Some State Board of Education members Thursday expressed disappointment with the limited recommendations that seem likely to emerge from the Interim Committee on School Finance.

The board was briefed on that panel’s most recent meeting by Anne Barkis, board and Department of Education lobbyist. (See this EdNews story about that meeting.)

“It sounds like they didn’t touch the school finance act … that list [of possible bills] sounds like really, really tinkering around the edges,” said board member Elaine Gantz Berman, D-1st District.

Although interim committee members are discussing bills that would affect funding for small school districts and at-risk students, among other things, no proposals address any of the key formulas or structures of state school funding formulas.

“I really was disappointed. I had much higher hopes for the committee,” said board member Randy DeHoff, R-6th District. He noted that the state’s severe budget crunch has been cited as a reason for not suggesting major steps in school finance. “I can’t think of a better reason [than a crisis] for radical restructuring of the school finance act,” DeHoff added.

Barkis cautioned that the interim committee won’t necessarily have the last word on school finance next year. “This is very early in the process, and certainly not all of the folks [interested in the issue] were at the table. … I don’t think this is the be all and end all of what we’re going to see on school finance during the legislative session.”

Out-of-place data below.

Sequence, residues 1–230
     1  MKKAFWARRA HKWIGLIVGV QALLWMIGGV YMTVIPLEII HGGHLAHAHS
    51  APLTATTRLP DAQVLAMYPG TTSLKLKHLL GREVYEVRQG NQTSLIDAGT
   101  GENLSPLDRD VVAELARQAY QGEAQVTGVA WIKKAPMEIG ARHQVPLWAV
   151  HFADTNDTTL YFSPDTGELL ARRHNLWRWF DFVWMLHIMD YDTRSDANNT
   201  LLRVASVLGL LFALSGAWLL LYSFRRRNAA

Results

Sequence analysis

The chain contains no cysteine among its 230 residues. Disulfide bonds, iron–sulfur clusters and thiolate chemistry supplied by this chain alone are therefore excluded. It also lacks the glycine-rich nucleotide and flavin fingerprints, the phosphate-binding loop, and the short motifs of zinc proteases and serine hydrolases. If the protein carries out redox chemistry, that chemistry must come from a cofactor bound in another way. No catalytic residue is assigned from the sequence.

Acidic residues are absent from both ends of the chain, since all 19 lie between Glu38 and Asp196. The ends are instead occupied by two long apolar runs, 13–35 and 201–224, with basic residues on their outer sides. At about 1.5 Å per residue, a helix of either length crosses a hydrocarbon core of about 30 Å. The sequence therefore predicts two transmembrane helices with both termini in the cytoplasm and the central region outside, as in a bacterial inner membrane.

Berman suggested that Rep. Karen Middleton, D-Aurora, and Sen. Chris Romer, D-Denver, be invited to the board’s November meeting to explain their thinking. Middleton and Romer are chair and vice-chair respectively of the interim committee.

“I think it would be good to have a face to face,” agreed DeHoff.

Bob Schaffer, R-4th Districit, chair of the State Board of Education
Bob Schaffer, R-4th Districit, chair of the State Board of Education

SBE Chair Bob Schaffer, R-4th District, said, “I’m inclined to broaden the invitation” to include education committee chairs and legislative leaders. “If we invite 10 we’ll get two to show up,” he joked.

(For more information about the board’s legislative priorities for 2010, see this draft list. The board will formally adopt its priorities in November.)

The board Thursday also heard public testimony about proposed revisions in the regulations that cover the touchy issue of restraining schoolchildren.

Ed Steinberg, CDE special education director, said the proposed rules are a “tightening” and a “reorganization.” A task force has been working on the proposed rules since 2007.

Several witnesses (including task force members) supported the rules while others raised questions, particularly about the lack of enforcement mechanism on school districts.

Steinberg said that since the underlying law doesn’t include enforcement, the rules can’t require it.

DeHoff noted that while there have been abuses of restraint in schools, it’s “fairly impossible” to write rules that will prevent all abuse.

The board will vote on the rules in November.

Before adjourning until next month, the board honored the eight Colorado students who had perfect scores on last spring’s ACT test, which all state 11th graders have to take. The students are Daniel Bragg (Fairview High School, Boulder Valley Schools); Catherine Chen (also Fairview); Joshua Burns (Liberty High School, Academy School District 20); Hannah McGehee (George Washington High School, Denver Public Schools); Thomas Rueter (Thornton High School, Adams 12 Five Star Schools); Richard Shulte (Fort Collins High School, Poudre School District R-1); Amani Moin (Loveland High School, Thompson School District R-2 J), and Margaret Koehler (Lewis-Palmer High School, Lewis-Palmer School District 38).